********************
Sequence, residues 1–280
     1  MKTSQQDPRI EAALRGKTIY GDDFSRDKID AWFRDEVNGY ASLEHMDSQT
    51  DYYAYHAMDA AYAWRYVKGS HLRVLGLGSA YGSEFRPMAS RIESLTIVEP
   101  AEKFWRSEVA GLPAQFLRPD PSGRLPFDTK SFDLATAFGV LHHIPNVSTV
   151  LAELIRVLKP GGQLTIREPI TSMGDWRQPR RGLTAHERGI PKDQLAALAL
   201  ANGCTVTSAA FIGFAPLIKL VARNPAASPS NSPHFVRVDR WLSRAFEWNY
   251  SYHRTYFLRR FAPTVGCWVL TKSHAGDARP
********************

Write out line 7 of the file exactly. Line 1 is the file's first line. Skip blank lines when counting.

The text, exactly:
   251  SYHRTYFLRR FAPTVGCWVL TKSHAGDARP